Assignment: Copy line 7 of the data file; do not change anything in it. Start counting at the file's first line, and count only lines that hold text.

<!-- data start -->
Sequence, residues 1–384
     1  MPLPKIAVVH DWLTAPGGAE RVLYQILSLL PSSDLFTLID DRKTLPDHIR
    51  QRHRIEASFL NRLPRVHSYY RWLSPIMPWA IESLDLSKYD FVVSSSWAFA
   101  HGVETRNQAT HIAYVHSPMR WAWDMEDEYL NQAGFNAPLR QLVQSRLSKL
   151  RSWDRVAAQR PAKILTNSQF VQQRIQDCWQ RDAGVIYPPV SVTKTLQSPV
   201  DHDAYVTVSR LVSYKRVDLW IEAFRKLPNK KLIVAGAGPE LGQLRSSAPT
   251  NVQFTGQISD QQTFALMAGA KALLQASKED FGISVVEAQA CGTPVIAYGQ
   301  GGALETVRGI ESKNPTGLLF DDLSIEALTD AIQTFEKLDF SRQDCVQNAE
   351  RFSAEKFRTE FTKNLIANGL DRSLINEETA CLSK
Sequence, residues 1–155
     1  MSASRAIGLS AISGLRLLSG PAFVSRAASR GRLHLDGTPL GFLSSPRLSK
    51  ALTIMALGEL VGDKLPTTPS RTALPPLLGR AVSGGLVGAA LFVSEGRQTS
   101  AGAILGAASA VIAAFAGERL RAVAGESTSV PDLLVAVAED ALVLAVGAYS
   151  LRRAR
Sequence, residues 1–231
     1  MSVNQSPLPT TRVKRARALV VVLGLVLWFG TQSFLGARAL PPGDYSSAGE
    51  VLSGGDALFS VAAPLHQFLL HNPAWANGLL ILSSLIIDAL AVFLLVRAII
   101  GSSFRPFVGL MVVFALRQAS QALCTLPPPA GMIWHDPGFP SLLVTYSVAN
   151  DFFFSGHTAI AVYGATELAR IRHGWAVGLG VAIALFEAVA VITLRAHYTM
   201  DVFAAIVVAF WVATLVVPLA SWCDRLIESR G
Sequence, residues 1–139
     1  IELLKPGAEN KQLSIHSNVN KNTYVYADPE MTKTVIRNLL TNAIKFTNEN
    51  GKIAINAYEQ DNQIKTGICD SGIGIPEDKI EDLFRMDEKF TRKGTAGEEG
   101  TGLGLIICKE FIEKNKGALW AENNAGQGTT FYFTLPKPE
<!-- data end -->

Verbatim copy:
   251  NVQFTGQISD QQTFALMAGA KALLQASKED FGISVVEAQA CGTPVIAYGQ